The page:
Print head 216, preferably of a type that ejects phase-change ink, is therefore mounted to an ink reservoir 222 that, together with four ink premelt chambers 224 (one shown), is secured to shaft 220. Reservoir 222 and premelt chambers 224 are heated by a reservoir heater 226, and print head 216 is separately heated by a print head heater 228. Four colors of solid phase-change inks 230 (one representative color shown) are fed through four funnels 232 (one shown) to premelt chambers 224 where solid inks 230 are melted by reservoir heater 226 for distribution to print head 216.
Piezoelectric transducers positioned on print head 216 receive image data from drivers 234 mounted on a flex circuit 236. Print head 216 ejects controlled patterns of cyan, yellow, magenta, and black ink toward rotating drum 202 in response to the image data to deposit a complete image on the wetted surface of drum 202 during 27 rotations of the drum.
A media feed roller 238 delivers a print medium 240 to a pair of media feed rollers 242 that advance print medium 240, such as plain paper or transparency film, past a media heater 244 and into a nip formed between drum 202 and a transfer roller 246. Transfer roller 246 is moved into pressure contact with drum 202 as indicated by an arrow 248. A combination of pressure in the nip and heat from print medium 240 causes the deposited image to transfer from drum 202 and fuse to print medium 240. Image transferring heat is also provided by heating drum 202. Printed print medium 240 advances into an exit path 250 from which it is deposited in a media output tray 252.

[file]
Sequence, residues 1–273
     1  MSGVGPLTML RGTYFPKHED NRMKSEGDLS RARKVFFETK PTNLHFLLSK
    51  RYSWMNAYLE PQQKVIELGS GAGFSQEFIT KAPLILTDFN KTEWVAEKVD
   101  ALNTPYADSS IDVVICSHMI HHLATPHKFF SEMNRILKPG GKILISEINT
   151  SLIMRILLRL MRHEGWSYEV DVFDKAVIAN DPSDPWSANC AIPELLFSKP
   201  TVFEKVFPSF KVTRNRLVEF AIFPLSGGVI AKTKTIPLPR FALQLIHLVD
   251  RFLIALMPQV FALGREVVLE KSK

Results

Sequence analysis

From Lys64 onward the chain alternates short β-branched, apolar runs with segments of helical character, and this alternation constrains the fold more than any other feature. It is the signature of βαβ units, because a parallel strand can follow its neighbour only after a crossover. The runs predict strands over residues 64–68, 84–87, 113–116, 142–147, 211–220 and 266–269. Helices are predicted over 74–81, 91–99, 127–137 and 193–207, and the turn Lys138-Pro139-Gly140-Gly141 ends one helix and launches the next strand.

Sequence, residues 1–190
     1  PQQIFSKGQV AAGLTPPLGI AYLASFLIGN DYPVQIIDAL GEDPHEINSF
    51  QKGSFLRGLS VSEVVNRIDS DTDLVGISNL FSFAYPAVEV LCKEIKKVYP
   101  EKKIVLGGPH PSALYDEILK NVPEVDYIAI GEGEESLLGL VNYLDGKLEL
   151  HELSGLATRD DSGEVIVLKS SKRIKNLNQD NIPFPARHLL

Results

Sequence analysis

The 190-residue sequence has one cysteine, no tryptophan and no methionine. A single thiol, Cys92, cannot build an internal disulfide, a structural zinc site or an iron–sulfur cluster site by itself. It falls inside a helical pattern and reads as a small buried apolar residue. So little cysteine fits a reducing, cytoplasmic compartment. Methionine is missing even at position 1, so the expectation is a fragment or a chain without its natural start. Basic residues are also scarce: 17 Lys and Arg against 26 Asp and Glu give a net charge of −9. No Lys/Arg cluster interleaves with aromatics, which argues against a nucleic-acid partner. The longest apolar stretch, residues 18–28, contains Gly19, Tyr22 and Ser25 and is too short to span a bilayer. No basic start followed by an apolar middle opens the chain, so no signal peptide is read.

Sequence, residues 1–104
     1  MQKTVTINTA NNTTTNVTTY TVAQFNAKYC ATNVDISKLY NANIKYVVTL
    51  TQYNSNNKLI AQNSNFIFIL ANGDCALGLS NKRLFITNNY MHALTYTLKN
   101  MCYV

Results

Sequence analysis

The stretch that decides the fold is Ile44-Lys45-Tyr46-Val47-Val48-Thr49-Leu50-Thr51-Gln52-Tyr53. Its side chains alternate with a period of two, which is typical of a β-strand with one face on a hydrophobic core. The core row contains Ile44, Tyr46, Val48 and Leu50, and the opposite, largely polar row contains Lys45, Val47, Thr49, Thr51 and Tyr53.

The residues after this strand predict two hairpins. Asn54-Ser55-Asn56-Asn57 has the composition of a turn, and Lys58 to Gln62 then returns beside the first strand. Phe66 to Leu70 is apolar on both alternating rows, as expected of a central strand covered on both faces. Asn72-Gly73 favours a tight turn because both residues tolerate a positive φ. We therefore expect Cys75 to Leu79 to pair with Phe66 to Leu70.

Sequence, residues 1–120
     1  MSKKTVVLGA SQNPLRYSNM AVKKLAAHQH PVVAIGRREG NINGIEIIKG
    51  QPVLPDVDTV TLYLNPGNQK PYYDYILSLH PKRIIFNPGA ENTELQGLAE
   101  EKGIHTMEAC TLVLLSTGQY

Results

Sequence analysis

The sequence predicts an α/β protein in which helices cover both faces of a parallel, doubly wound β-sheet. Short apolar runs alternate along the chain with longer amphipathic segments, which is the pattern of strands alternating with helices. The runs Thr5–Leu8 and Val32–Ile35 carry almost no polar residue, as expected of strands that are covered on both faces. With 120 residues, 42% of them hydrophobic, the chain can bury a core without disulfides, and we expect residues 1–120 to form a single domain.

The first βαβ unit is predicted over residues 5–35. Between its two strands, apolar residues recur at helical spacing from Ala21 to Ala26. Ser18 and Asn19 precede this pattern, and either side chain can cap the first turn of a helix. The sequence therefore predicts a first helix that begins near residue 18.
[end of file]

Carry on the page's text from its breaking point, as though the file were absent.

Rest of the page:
After the image transfer is completed, transfer roller 246 moves away from drum 202 and transfer fluid applicator roller 212 moves into contact with and conditions drum 202 for receiving another image.
To maintain print quality, print head 216 requires periodic cleaning and purging by a print head maintenance station 253. Print head maintenance is normally accomplished following cold start-up of printer 200 and proceeds by rotating print head 216 on shaft 220 away from drum 202 in a direction indicated by an arrow 254. When print head 216 is a sufficient distance from drum 202, maintenance station 253 is moved into a position between drum 202 and contacting nozzle arrays 218 of print head 216. Maintenance station 253 is of a type having an elastomeric gasket that surrounds nozzle arrays 218 such that a vacuum seal is established during a purge cycle to draw entrapped bubbles from print head 216. Following the purge cycle, a squeegee blade within maintenance station 253 is slowly drawn in a downward direction across nozzle arrays 218 to wipe excess ink from print head 216. After maintenance, print head maintenance station 253 is withdrawn to the position shown, and print head 216 is rotated back to a printing distance 256 that is determined by a print head tilt angle positioner 258 that is coupled to shaft 220. Print head tilt angle positioner 258 is described further with reference to FIGS. 10-12.